Darius Elias remembers childhood summers spent out on the land in Old Crow Flats, northern Yukon wetlands, where members of the Vuntut Gwitchin First Nation spent months harvesting food each year. But few travel to Old Crow Flats these days, as climate change has transformed the land.
Today, dramatic permafrost thaw and drained lakes make it difficult and potentially dangerous for Vuntut Gwitchin First Nation members to access the wild foods they use to ensure their food security and maintain their culture. In 2019, the First Nation declared a climate emergency and called on Canada to take urgent action to address these impacts.
On December 11, the Canadian government unveiled a new climate plan. While it includes some positive measures, it confirms that Prime Minister Justin Trudeau’s government is still not ready to take the kind of action needed to address this emergency.
The Vuntut Gwitchin are not the only people in Canada facing a climate emergency. Our recent report documented the mounting toll that climate change is taking on First Nations in British Columbia and Ontario as well, contributing to growing food insecurity and related negative health impacts. Indigenous peoples aren’t the only ones affected. According to research published by the medical journal The Lancet, rapid warming contributed to a 58.4 percent increase in heat-related deaths of people over 65 in Canada in less than two decades.
With Canada warming at twice the rate of the rest of the world—and three times the global rate across Northern Canada—climate impacts like these will intensify and multiply. The UN Intergovernmental Panel on Climate Change has made clear that the next decade is a crucial time for action to keep warming below 1.5°C above pre-industrial temperatures to prevent even more catastrophic effects in Canada and around the world.
It’s been five years since Trudeau pledged to make Canada a global climate leader. But his government has yet to update Canada’s woefully inadequate pledge—set in 2015 under the Conservative Harper government—to reduce emissions by 30 percent below 2005 levels by 2030. According to the think tank Climate Action Tracker, if all governments’ targets were limited to Canada’s level of ambition, warming would reach 2 to 3°C.
Further, Canada has made virtually no progress toward meeting even this modest target. As of 2018, it had cut emissions by only 0.1 percent since 2005. And Canada has increased government support for fossil fuels since 2018, including by committing over US$14 billion in aid to fossil fuels since the beginning of the Covid-19 pandemic. According to a November assessment from the International Institute for Sustainable Development, Canada ranks last among Organisation for Economic Cooperation and Development member countries of the G20 when it comes to progress in ending support for fossil fuels.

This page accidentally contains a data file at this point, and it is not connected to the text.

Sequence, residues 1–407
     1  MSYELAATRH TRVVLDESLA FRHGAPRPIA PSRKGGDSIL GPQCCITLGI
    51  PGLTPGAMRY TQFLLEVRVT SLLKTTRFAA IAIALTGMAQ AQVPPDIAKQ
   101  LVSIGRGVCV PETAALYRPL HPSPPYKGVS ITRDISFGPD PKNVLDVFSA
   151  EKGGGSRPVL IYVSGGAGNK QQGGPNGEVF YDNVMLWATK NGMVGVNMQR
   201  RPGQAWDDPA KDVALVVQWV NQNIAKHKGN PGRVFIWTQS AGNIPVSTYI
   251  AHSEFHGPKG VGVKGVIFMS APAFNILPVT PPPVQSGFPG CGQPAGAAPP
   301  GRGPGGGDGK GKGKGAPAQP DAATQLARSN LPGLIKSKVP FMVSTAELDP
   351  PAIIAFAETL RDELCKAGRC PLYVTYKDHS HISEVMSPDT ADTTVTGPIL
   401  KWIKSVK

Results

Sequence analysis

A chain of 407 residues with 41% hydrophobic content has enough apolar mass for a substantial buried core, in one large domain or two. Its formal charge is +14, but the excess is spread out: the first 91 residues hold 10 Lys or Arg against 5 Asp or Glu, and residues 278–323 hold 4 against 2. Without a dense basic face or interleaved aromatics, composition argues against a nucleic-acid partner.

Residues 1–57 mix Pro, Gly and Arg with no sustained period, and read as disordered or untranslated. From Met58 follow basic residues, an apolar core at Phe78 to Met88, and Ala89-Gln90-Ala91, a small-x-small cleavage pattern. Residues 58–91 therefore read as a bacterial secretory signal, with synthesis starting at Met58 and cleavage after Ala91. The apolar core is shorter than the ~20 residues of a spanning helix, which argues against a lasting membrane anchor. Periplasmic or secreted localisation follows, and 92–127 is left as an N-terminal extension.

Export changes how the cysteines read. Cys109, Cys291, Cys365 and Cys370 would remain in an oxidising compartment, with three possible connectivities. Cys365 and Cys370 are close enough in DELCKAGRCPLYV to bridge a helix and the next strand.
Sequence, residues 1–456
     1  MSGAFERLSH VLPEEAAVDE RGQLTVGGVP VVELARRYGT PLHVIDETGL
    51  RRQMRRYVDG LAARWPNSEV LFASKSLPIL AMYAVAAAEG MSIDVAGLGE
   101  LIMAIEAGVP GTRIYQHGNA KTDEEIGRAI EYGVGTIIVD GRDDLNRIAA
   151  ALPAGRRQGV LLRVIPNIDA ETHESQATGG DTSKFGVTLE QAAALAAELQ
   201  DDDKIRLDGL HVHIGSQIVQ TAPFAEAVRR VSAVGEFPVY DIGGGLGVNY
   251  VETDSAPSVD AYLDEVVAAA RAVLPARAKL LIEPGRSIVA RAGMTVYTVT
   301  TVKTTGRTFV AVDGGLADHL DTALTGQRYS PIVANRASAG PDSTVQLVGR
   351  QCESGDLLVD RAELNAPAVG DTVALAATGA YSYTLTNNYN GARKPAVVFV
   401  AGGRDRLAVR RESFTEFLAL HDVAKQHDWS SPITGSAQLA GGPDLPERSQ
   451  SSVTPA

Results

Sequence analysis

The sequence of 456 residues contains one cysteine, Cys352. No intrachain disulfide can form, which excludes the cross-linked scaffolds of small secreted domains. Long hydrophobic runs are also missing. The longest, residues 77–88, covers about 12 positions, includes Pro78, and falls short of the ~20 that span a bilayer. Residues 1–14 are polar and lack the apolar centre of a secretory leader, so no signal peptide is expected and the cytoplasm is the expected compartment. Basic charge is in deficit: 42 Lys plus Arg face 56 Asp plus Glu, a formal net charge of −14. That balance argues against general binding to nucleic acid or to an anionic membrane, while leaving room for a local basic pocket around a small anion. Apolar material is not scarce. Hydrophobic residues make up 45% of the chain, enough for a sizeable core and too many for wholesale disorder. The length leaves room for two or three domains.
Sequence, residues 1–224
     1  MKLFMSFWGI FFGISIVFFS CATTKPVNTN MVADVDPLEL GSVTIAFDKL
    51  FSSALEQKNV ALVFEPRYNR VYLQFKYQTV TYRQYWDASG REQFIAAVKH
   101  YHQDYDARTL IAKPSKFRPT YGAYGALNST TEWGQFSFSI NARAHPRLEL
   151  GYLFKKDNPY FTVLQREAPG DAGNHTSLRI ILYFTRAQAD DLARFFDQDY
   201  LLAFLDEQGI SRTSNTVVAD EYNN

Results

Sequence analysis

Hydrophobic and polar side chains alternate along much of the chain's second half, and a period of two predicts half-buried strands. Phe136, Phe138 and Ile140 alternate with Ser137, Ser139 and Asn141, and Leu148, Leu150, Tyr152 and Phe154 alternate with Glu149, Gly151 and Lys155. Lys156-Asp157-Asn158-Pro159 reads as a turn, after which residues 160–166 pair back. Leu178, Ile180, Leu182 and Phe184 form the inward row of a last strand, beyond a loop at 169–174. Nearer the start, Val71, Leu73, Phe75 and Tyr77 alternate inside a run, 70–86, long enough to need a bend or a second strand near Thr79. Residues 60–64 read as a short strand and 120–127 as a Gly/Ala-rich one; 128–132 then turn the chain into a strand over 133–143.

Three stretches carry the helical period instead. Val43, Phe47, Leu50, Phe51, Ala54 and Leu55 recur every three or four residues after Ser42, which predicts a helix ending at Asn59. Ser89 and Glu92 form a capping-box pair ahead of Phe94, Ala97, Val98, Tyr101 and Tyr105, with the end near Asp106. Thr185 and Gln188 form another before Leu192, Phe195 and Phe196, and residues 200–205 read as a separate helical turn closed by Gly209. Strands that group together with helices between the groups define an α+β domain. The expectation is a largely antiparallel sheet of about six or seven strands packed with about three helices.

The new climate plan positively commits new funding for energy efficiency retrofits and zero-emission transportation infrastructure and increases the cost of polluting through the federal carbon price. But these measures will only enable Canada to reach, at best, a roughly 32 to 40 percent emissions reduction by 2030, according to federal government projections. Environmental groups contend that a 60 percent reduction is a fair goal given Canada’s responsibility as one of the world’s top ten emitters.
If Canada is to do its part to address the climate crisis, the Trudeau government will need to offer more ambitious mitigation plans, including a rapid move away from perpetuating fossil fuel dependence through government subsidies. There are several concrete steps it should take immediately:
First, based on the best available science, set a more ambitious emissions target for 2030, along with clear, time-bound steps on how to get there.
Second, amend the climate “accountability” legislation introduced in November to ensure that it establishes real accountability—and not just for future governments. Bill C-12 only establishes reporting procedures for five-year emissions targets starting in 2030, and provides for limited independent review of government mitigation efforts. The bill should require a 2025 benchmark for earlier accountability in achieving emissions reductions, and mandate annual independent expert review to regularly assess progress in meeting targets and inform needed changes in climate policy.
Third, complete Canada’s long-delayed subsidy review, part of a 2018 G20 commitment. Canada should provide a transparent and rigorous accounting of federal fossil fuel subsidies, including through Canada's export credit agency, Export Development Canada. Such an accounting is crucial to any serious effort to reduce fossil fuel dependence.
Finally, commit to no new fossil fuel subsidies, particularly in future Covid-19 recovery spending. With billions more promised to big emitters in the new climate plan, this commitment is more important than ever.
Back in Yukon, Elias’ community is acting with the urgency that seems to be lacking in Ottawa. They’re in the final stages of a new solar project – which has attracted federal government funding - that will help reduce their dependence on diesel. Canada should show more of the same initiative and implement a concrete plan to radically reduce emissions, or risk fueling even more devastating impacts in the near future, not just in Yukon, but throughout Canada and the world over.